pressure drop, condenser, condensation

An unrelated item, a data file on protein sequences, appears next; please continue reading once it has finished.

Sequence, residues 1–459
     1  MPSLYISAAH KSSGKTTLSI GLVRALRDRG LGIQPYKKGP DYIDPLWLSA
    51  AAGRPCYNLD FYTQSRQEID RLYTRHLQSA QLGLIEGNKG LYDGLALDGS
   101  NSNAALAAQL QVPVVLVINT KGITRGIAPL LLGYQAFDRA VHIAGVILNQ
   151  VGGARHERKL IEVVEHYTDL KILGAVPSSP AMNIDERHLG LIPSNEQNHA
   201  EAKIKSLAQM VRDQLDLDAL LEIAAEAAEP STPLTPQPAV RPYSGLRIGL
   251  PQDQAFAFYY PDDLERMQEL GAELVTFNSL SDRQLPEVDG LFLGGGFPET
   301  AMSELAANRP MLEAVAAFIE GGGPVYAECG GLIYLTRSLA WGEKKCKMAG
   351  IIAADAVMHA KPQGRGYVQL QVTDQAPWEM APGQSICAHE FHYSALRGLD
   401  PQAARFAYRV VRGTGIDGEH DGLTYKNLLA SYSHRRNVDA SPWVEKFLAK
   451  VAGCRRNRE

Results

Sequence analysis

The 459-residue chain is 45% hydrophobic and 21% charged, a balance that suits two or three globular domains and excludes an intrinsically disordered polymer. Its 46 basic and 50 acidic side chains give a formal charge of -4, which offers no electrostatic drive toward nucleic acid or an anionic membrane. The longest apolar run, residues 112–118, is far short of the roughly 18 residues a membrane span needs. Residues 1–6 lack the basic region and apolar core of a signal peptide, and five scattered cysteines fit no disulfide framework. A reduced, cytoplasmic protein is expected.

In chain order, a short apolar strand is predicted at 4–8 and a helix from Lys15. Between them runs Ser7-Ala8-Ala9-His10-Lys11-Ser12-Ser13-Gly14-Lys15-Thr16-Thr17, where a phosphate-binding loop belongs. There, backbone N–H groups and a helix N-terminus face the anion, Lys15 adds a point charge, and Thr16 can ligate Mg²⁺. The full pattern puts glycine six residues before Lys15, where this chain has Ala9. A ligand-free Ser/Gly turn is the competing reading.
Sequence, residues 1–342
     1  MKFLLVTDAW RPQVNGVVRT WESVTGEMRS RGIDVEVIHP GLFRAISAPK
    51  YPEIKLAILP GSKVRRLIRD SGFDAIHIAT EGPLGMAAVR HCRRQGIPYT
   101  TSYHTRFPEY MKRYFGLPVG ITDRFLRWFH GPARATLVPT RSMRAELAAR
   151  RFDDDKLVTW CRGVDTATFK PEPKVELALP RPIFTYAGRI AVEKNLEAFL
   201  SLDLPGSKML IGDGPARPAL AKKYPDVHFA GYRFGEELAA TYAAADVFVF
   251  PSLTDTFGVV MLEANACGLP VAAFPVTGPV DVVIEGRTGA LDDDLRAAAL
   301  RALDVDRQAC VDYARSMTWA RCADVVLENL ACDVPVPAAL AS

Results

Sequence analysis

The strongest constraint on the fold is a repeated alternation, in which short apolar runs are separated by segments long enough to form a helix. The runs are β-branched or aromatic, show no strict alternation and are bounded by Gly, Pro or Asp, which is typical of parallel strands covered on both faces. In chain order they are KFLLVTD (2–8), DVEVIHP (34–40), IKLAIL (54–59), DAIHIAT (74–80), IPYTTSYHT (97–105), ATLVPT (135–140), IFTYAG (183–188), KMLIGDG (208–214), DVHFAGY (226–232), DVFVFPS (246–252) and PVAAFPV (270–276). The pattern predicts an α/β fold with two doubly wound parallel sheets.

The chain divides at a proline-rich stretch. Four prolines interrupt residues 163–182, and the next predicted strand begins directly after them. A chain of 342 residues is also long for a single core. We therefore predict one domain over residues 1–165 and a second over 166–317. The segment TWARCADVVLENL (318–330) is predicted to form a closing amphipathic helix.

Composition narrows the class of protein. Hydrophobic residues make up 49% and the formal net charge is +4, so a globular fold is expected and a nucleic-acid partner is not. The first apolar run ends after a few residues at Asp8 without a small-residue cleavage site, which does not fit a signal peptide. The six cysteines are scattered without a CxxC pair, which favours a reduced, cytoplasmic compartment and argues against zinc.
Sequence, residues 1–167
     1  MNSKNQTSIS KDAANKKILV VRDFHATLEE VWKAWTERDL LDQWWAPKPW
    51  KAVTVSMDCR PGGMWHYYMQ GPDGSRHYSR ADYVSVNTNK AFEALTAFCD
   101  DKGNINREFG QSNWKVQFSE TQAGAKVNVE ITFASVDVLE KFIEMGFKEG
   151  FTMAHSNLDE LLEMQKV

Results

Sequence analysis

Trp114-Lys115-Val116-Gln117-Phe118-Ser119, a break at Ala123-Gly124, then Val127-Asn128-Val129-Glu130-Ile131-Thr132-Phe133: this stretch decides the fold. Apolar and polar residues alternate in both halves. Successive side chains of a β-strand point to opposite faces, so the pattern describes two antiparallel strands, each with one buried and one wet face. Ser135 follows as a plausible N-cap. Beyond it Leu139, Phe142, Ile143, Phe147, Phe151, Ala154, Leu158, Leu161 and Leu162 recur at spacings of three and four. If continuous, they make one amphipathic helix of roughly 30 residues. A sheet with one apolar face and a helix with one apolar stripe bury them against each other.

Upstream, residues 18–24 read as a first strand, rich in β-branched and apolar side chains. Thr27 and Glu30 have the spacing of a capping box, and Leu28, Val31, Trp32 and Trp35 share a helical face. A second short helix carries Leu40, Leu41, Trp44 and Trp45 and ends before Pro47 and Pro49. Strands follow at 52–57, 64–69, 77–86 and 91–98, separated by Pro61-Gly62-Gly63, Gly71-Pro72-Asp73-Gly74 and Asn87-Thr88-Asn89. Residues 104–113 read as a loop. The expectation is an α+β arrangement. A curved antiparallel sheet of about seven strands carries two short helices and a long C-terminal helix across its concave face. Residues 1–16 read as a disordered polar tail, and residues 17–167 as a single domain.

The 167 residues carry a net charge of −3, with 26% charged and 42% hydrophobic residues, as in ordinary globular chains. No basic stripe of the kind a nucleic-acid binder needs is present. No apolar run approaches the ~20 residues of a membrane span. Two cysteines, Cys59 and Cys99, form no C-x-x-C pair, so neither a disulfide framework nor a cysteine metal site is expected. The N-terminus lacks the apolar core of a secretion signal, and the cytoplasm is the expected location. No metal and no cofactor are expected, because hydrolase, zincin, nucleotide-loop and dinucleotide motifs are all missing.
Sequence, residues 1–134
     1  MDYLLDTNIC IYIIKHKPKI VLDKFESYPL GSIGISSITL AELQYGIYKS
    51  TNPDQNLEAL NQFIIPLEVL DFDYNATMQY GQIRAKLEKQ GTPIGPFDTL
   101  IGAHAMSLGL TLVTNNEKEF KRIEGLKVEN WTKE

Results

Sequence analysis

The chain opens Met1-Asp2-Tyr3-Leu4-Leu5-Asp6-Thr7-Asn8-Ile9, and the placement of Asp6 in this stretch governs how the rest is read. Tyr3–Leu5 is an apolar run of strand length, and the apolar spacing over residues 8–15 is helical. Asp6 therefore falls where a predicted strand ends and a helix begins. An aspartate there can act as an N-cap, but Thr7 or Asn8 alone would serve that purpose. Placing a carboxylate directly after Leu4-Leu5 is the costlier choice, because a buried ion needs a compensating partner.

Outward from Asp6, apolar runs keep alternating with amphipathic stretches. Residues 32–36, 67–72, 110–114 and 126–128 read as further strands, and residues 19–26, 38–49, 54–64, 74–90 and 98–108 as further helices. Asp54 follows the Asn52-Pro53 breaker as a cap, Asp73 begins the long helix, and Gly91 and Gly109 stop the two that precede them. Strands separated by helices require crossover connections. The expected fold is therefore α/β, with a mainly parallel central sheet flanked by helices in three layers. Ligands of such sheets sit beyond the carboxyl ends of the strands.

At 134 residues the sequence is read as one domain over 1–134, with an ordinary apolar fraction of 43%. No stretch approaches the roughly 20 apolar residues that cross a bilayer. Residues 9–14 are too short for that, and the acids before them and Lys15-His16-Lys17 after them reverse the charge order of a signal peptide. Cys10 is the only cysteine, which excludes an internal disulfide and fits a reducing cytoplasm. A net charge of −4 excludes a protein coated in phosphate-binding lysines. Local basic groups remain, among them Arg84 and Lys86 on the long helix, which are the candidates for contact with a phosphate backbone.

Traditionally, condensation is characterized by three zones: desuperheating, condensation and subcooling. It was shown that condensation starts even in the presence of superheated vapor, when the wall temperature reaches saturation. Heat transfer effects of that process were described earlier but not pressure drop that was found to indicate the presence of condensate, the same as shown by heat transfer results. Pressure drop in condensers has traditionally been modeled separately for single-phase and two-phase regions. When plotted as a function of enthalpy, the correlations show a discontinuity between the single-phase and two-phase zones because the models typically assume thermodynamic equilibrium during condensation. This assumption indicates that the first drop of condensate would form when the bulk refrigerant enthalpy reached the saturated vapor enthalpy. The zone beginning when the wall temperature reaches the saturation temperature and ending when the bulk enthalpy reaches saturated vapor is classified as the condensing superheated zone. In this condensing superheated zone, the interaction between the condensate film and vapor increases the pressure drop compared to vapor alone. This paper presents experimental results for pressure drop in that zone of the condenser for R32, R134a and R1234ze(E). The pressure drop was found to be higher than predicted by single-phase correlations such as Colburn (1933).